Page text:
Construction Law

Bonds and Megaprojects Part 1 featured image

Bonds and Megaprojects Part 1

The recent surge in “megaprojects” across the nation isn’t just a phase. These behemoth construction projects, which require more manpower, time, and money than their smaller-scale contemporaries, are pushing the envelope of what we believe can be built. It’s also advancing the notion that, perhaps, bigger IS better when it comes to the development of new construction in both the public and private sector.

While some construction professionals are still arguing about the precise definition of a megaproject, most will concede that it includes projects valued in excess of $1 billion. Therefore, projects involving large-scale infrastructure, such as airports, bridges, tunnels, highways, power, and rail are typically considered megaprojects. Additionally, commercial structures like skyscrapers and hospital complexes qualify as megaprojects due to their sheer scope and complexity.

Due to the complex nature of these projects, there is an inherent risk associated with getting your firm involved; however, with considerable risk comes substantial rewards, and successful provisions of labor or materials can result in significant profits. To mitigate risk, bonds are typically employed to keep all parties responsible, owners and contractors alike. In this four-part series, the Miami construction lawyers at Cotney Attorneys & Consultants will discuss bonds and megaprojects. Remember, as you take on increasingly complex building initiatives, a Miami construction lawyer can help you maintain compliance with all relevant laws.

High Risk, High Reward

The construction industry is changing to accommodate the needs of wealthy investors. These owners require large-scale projects to advance through the building process quickly without a dip in quality. To meet their needs, contractors are turning to cutting-edge technology and reworking their processes to incorporate fast-tracked delivery methods and partnerships between public and private entities. Many contractors are treading unfamiliar territory, which heightens the risk of failure if they are unable to engage with others and form cohesive strategies for taking on megaprojects.

Megaprojects can become derailed for a broad range of issues. Typically, the accelerated pace of construction and reliance on multiple parties is the catalyst for these problems, but with proper risk management from the initial contract negotiation to the final day of construction, such crises can be averted. That said, megaprojects are a high risk, high reward undertaking for contractors and owners alike, especially when you consider the fact that “a very significant percentage of major infrastructure projects are under-insured, some grossly under-insured or even lacking necessary coverage instruments.”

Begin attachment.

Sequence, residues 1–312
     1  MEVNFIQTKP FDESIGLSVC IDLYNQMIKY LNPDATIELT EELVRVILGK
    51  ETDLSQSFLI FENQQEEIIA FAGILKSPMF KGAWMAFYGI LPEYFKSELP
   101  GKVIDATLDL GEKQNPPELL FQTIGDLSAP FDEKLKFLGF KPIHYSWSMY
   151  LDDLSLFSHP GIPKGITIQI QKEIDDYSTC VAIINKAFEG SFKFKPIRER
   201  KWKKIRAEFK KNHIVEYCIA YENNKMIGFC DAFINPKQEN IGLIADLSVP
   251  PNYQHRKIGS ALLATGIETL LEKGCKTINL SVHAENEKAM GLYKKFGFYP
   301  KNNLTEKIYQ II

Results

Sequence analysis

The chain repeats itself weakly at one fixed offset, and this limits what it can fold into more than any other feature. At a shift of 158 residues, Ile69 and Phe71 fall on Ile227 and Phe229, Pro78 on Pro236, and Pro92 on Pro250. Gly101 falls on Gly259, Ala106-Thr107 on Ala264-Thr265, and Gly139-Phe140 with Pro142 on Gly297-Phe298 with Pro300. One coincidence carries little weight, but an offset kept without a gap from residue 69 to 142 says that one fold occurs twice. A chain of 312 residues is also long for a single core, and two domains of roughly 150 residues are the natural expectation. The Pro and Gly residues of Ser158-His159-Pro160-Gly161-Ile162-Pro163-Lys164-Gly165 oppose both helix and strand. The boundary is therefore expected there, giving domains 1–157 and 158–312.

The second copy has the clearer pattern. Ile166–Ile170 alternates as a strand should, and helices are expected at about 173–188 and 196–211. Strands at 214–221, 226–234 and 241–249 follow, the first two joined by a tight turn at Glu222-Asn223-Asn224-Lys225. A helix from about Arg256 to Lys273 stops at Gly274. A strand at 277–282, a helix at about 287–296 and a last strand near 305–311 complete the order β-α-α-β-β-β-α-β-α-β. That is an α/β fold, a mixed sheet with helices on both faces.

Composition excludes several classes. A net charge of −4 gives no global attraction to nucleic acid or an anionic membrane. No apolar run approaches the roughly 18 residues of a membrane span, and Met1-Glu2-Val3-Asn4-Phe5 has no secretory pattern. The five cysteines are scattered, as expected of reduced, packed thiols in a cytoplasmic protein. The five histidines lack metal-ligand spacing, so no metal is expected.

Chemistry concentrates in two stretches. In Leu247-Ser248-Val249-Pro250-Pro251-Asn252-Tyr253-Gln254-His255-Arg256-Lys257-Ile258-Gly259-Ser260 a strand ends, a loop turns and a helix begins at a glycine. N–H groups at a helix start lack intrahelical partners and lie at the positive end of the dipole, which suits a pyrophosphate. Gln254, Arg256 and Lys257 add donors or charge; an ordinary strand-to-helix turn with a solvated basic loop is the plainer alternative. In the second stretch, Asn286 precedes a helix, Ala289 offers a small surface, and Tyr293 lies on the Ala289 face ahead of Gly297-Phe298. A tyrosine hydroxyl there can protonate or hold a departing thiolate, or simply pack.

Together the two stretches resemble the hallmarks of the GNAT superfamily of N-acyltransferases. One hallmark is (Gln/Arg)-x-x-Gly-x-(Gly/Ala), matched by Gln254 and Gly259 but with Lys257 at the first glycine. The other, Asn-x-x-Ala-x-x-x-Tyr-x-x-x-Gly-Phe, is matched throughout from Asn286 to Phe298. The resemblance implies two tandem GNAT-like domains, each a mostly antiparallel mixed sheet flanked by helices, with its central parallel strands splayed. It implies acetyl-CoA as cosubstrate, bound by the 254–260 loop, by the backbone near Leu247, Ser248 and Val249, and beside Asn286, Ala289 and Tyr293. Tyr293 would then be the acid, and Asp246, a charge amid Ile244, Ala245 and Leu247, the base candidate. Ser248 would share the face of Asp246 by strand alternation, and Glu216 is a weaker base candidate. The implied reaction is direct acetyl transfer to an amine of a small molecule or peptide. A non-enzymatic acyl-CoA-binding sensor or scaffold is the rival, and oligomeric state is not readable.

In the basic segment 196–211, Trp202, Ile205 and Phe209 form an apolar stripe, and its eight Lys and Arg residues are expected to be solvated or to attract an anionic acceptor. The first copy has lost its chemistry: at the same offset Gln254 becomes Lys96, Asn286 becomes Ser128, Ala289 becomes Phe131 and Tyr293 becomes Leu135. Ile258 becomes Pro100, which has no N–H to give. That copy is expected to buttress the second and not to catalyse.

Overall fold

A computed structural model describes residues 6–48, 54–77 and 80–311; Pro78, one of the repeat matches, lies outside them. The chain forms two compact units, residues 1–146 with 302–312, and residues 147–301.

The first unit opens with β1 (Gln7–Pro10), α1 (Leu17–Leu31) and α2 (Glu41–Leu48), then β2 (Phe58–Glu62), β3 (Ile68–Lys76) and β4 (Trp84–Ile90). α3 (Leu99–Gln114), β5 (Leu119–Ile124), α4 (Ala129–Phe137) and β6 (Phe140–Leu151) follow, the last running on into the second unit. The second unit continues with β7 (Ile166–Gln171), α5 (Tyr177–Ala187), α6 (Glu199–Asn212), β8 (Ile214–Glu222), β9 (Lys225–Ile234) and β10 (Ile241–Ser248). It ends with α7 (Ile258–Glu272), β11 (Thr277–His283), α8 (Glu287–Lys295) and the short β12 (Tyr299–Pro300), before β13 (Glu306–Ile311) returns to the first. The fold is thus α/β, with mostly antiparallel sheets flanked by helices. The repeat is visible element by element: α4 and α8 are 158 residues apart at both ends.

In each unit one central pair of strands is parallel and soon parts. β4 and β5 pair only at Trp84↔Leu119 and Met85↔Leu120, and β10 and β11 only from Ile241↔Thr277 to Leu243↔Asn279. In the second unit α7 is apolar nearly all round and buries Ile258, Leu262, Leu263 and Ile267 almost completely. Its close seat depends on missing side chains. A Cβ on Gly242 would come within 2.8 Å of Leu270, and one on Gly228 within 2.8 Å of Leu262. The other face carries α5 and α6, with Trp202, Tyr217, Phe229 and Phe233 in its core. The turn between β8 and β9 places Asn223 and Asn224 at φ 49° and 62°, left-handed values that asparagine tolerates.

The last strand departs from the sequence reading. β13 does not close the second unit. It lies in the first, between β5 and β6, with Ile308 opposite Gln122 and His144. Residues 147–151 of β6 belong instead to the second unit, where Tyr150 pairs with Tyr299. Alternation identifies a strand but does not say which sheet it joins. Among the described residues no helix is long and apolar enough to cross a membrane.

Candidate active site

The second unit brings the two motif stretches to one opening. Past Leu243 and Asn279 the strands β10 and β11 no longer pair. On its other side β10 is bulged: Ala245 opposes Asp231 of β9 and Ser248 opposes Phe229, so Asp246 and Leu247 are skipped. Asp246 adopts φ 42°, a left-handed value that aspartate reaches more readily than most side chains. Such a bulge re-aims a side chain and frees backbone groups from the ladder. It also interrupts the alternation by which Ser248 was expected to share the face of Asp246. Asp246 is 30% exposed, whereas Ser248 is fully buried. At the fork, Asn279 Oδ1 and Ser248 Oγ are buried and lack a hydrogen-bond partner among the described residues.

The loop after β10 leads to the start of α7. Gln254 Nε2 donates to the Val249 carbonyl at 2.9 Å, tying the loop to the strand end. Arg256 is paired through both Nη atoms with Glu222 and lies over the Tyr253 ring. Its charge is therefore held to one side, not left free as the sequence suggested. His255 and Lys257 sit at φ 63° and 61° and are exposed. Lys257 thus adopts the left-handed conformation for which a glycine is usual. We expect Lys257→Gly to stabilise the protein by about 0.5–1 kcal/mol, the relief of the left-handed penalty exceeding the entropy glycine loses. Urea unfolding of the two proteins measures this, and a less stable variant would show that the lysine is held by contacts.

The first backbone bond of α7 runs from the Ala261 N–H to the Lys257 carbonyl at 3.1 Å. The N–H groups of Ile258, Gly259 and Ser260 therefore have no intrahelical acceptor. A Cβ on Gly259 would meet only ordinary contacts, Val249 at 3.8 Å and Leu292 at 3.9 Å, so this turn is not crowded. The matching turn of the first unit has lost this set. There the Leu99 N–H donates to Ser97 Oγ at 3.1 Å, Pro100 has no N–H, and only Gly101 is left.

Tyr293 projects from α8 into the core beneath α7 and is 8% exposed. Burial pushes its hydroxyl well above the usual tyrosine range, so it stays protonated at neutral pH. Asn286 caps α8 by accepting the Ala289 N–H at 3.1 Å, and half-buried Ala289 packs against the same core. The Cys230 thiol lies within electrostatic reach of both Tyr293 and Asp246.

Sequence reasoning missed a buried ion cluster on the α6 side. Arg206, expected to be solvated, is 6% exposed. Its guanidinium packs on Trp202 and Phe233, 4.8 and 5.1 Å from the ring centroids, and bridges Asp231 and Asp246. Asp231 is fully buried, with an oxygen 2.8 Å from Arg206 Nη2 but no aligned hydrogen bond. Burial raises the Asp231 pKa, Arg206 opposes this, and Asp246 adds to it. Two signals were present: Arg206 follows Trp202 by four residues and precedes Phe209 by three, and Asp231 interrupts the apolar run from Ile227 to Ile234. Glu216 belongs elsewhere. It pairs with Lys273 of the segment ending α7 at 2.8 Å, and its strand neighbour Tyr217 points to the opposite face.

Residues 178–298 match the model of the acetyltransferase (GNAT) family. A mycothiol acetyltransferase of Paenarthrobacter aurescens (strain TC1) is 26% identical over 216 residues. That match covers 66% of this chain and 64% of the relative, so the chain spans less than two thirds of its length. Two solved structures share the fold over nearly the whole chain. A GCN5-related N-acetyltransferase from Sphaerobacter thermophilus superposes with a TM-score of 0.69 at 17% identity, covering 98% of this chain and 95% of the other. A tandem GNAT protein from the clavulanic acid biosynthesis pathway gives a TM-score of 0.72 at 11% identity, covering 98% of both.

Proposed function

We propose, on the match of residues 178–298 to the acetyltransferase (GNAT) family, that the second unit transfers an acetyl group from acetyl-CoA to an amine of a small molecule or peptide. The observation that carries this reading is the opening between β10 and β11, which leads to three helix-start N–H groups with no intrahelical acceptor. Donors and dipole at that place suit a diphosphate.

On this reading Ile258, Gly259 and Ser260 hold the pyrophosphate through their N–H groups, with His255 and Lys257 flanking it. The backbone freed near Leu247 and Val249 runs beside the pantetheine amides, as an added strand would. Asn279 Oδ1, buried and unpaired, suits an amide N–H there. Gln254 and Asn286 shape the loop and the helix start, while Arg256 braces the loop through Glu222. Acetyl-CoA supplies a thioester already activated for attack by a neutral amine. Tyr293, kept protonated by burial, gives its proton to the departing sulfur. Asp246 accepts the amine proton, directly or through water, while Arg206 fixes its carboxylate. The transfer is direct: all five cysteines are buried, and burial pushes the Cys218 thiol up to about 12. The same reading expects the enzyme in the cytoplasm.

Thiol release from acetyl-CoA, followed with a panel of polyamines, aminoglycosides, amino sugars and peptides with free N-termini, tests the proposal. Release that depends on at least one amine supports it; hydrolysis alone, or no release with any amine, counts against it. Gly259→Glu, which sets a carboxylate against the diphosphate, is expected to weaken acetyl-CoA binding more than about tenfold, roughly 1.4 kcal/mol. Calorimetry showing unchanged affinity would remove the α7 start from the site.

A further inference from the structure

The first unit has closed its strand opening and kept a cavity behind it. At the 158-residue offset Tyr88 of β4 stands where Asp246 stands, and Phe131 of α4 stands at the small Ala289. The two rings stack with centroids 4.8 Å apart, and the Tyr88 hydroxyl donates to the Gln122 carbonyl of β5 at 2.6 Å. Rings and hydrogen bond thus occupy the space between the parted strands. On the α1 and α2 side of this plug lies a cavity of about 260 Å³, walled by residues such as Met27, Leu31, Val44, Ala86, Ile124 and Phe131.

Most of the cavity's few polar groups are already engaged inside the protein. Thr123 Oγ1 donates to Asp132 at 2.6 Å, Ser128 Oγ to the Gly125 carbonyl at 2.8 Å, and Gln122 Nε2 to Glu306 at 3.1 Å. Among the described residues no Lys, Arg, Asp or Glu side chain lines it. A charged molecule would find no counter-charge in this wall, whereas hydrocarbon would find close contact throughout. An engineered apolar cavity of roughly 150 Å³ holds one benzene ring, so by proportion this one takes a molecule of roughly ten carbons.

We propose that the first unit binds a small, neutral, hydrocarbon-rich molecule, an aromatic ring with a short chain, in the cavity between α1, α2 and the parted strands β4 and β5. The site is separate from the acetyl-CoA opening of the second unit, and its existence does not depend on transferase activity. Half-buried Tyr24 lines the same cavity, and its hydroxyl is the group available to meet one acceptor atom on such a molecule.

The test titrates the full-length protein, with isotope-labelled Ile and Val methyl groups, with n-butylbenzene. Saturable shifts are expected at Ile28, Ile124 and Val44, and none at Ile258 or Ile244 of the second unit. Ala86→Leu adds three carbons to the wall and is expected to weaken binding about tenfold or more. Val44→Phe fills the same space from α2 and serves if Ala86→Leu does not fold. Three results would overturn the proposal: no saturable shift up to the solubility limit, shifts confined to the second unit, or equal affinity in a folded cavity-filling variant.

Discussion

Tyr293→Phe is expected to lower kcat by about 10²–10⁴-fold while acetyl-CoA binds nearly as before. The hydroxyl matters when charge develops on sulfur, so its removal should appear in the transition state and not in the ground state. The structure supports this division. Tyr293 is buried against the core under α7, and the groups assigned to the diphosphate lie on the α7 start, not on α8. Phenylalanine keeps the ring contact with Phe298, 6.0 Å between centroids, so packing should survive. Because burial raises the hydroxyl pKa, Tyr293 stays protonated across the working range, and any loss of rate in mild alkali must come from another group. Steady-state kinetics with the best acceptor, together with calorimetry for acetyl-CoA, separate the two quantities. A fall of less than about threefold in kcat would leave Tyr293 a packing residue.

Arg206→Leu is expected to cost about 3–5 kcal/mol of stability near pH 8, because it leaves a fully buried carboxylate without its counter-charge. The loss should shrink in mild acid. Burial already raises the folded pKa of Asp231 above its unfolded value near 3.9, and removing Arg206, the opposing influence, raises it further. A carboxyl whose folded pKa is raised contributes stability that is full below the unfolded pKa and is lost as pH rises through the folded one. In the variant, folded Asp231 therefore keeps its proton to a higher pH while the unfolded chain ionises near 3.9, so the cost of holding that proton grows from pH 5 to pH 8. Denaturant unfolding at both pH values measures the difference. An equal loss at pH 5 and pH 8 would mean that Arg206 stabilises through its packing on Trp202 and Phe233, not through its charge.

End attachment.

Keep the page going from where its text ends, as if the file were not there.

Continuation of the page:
Good News for Builders

If there’s one thing working in favor of contractors, it’s that when owners are unable to have a risk covered or allocated, they are forced to self-insure the cost associated with that risk. One recent claim made against an owner on a project valued at $721 million resulted in a $297.8 million settlement for the contractor.

The reason? According to an article published by Risk & Insurance:

“The component of the claims attributable to alleged design and program management error dwarfed available coverage from the owner’s professional team, rendering the owner the insurer of a significant percentage of the risk of loss.”

This is good news for builders as long as the owner can cover the cost. If they can’t, it could lead to a drawn-out legal battle. If an owner refuses to pay you for the work you’ve contributed to the improvement of real property, consult a Miami construction lawyer from Cotney Attorneys & Consultants.

To learn more about bonds and megaprojects, read parts two, three, and four.

If you would like to speak with one of our Miami construction lawyers, please contact us today.

Disclaimer: The information contained in this article is for general educational information only. This information does not constitute legal advice, is not intended to constitute legal advice, nor should it be relied upon as legal advice for your specific factual pattern or situation.